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Blue Model Blues
Nationwide Pension Debt Surges

The latest report from a respected group of Stanford University researchers shows a double-digit increase in unfunded public sector pension liabilities in states and localities across the country. From the group’s press release:

Pension Tracker, a Stanford Institute for Economic Policy Research (SIEPR) project, estimates total United States public pension debt (a.k.a. unfunded liabilities) in June 2015 at $5.599 trillion, a 16 percent increase over 2014. The project is directed by Joe Nation, a former state lawmaker, SIEPR researcher, and Professor of the Practice of Public Policy at Stanford.

The study includes the most recent financial data from nearly 300 state pension systems, and it estimates financial data from local pension systems across all 50 states and the District of Columbia.

Pension funds routinely conceal the extent of their fiscal distress through accounting tricks, including overestimating the “present value” of their obligations and assuming unrealistically high rates of return. Stanford’s pension tracker tries to estimate the actual level of debt through publicly available data and more realistic fiscal assumptions. And the results should be alarming to lawmakers.

While pension mismanagement is a bipartisan problem, Pension Tracker’s state rankings make clear that it is particularly acute in blue states. Nine out of the ten states with the largest pension debts per capita, including California, Massachusetts, and Illinois, were blue in the 2016 election (the one exception is Alaska, which comes in first at $110,538 per person). This may have to do with the fact that blue states tend to be more deferential to public sector unions, which exert strong pressure on legislatures to expand the generosity of pension programs.

The looming fiscal disaster is worthy of attention from the new Republican government in Washington. Congress should consider passing a law requiring state and local governments to be more forthright about the extent of their pension obligations. It should also make contingency plans for if and when there is a wave of pension-induced municipal bankruptcies, which is possible if not likely in the event of another economic downturn.

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  • FriendlyGoat

    Well, the soon-coming federal tax cuts which will disproportionately benefit the wealthiest people who are somewhat concentrated in coastal blue states should provide lots of cash to shore up these state programs in blue states, right?

    • seattleoutcast

      I make middlin’ middle class wages. We’ll see, but I’m pretty sure mine will go down. I don’t get angry if people who make more than me pay fewer taxes.

      • FriendlyGoat

        1) I was being a little sarcastic with above, but, then again, not really. It is an irony that red-state people voted to cause the effect of huge tax cuts to the financial titans of New York and the tech titans of California. Blue state people who did not vote for this may end up with more enrichment from tax cuts than those in the heartland. That should be hard for Republicans to explain in the small towns of rural states, but, apparently they are able to skirt such questions and get away with it.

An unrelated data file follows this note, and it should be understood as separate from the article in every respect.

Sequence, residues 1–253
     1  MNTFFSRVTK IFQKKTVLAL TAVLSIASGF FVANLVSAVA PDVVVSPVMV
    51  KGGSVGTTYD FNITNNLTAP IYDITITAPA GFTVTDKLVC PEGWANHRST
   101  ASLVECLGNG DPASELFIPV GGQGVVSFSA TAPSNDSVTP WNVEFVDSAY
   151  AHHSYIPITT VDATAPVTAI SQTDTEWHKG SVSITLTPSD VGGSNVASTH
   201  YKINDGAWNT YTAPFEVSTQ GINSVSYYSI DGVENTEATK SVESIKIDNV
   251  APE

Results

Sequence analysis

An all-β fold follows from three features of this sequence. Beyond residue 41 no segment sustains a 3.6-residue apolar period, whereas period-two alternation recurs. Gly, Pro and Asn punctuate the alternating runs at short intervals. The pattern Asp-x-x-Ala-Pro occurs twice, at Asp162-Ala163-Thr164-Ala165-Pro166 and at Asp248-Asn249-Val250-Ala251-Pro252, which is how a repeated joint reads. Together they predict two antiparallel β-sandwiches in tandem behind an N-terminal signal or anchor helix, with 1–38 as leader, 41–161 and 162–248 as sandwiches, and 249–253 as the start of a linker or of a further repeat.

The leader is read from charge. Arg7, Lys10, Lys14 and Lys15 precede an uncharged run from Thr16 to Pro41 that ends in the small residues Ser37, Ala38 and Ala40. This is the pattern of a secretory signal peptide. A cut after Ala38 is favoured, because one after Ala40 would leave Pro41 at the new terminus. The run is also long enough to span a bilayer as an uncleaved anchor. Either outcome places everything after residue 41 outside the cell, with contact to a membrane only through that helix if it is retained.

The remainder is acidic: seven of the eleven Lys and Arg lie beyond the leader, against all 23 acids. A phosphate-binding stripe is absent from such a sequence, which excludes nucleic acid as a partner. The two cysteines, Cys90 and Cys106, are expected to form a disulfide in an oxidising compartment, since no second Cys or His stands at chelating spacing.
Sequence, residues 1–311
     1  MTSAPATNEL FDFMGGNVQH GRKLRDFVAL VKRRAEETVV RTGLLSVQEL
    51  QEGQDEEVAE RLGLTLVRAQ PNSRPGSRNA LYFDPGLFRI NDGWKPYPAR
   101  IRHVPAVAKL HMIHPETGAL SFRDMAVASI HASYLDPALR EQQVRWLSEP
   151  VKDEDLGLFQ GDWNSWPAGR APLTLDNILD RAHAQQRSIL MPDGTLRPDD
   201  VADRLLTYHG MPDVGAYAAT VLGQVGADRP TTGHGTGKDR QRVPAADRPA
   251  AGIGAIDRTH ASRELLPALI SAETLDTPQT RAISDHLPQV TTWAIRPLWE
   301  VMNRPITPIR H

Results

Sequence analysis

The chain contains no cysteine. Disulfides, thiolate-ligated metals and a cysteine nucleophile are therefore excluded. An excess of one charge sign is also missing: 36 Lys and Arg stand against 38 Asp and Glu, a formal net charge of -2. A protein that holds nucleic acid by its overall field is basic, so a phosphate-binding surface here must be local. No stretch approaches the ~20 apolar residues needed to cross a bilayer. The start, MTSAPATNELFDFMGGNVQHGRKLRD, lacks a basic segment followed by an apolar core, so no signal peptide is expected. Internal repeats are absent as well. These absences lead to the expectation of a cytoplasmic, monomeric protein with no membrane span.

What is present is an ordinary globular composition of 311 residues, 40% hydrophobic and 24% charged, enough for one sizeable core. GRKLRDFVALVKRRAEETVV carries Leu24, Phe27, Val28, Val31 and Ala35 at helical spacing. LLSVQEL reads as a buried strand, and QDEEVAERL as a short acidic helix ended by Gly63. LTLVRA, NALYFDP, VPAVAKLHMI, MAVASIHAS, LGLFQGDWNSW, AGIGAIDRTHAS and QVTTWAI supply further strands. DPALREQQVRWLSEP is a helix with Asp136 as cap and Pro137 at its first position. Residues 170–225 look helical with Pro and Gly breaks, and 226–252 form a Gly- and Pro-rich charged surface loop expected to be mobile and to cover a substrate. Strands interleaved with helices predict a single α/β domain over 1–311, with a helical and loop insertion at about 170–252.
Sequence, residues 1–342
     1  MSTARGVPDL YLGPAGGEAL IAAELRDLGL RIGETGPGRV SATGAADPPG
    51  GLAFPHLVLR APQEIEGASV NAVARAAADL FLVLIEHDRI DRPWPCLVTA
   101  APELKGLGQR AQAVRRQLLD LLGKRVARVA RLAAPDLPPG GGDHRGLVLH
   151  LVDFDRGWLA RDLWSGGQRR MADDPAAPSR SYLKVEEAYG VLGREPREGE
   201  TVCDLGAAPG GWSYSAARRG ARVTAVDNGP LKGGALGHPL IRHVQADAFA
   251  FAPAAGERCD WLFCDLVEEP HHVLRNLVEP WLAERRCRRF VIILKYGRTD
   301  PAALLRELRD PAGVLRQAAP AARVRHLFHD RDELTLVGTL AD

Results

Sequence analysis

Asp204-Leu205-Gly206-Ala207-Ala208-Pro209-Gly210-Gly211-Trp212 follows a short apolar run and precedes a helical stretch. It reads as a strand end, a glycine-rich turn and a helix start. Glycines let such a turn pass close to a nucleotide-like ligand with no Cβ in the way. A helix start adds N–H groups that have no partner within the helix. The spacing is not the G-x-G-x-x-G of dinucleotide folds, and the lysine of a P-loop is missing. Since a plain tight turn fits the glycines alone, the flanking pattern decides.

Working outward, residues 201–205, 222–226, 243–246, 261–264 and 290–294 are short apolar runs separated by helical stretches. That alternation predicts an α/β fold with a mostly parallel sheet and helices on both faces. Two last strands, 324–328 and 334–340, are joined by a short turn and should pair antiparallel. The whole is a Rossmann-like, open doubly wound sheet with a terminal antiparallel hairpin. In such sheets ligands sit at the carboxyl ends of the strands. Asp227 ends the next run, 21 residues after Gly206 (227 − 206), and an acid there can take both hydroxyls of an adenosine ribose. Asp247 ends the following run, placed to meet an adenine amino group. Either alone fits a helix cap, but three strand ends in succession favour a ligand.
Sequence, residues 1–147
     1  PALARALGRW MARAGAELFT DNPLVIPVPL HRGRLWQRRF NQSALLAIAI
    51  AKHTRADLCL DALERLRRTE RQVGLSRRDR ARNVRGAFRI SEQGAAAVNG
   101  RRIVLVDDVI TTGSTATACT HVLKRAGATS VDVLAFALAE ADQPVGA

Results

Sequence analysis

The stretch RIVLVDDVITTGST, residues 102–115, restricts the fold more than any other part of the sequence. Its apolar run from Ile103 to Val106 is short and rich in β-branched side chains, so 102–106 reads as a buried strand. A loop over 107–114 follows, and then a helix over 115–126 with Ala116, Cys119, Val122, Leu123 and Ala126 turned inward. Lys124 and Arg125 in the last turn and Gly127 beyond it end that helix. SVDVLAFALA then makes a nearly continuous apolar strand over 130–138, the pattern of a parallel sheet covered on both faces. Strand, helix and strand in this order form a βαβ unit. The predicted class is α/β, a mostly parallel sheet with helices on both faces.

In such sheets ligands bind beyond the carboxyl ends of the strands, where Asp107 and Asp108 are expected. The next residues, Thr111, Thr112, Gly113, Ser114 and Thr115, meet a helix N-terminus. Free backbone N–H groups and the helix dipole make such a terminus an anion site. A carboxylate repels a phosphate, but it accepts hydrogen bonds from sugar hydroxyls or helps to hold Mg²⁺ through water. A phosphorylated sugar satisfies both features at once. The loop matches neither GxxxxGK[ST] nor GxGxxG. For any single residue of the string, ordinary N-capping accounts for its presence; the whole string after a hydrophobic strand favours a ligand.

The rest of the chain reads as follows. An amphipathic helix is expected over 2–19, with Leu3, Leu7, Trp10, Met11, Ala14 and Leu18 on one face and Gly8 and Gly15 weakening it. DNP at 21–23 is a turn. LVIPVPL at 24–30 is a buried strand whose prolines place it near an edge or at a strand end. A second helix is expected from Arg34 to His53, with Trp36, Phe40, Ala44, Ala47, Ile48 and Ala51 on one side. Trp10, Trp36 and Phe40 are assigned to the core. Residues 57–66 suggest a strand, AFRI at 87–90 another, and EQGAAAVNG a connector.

2) I hope your wages don’t go down, but it has been my opinion for 35 years that the more we cut owners’ taxes on income, the more we put pressure on the wages and benefits of employees. We know now that workers’ fortunes have not really grown at all in decades and that the upper crust has seen almost all the gains in income and net worth. That should have been the obvious clue that tax cutting at the high end is stupid, but guns, abortion, anti-Hillary and the rest of the circus act just opened that door again. The damage to real people from this is going to be large.

        • Dale Fayda

          Then perhaps YOU can mitigate some of that damage and voluntarily pay more in taxes. Acceptable?

          • FriendlyGoat

            A better debate for you would be asking seattleoutcast why he is pretty sure his wages will go down.

          • TDS

            He’s pretty sure his taxes will go down, not wages.

          • FriendlyGoat

            You may be right about the intent, but that’s not what he said.

          • Tom

            Actually, that is what he said. It’s a bit unclear by itself, but if you put it in context of a reply to your post it makes a lot more sense.

          • FriendlyGoat

            I just go with the grammar the way we get it.

  • Disappeared4x

    Unfunded pension cash flow projections more useful than total unfunded pension liabilities in predicting how big problem.

  • Andrew Allison

    What Congress should do is (this is a recording) apply ERISA to public pensions. Only when the true extent of the malfeasance is made apparent will there be action.

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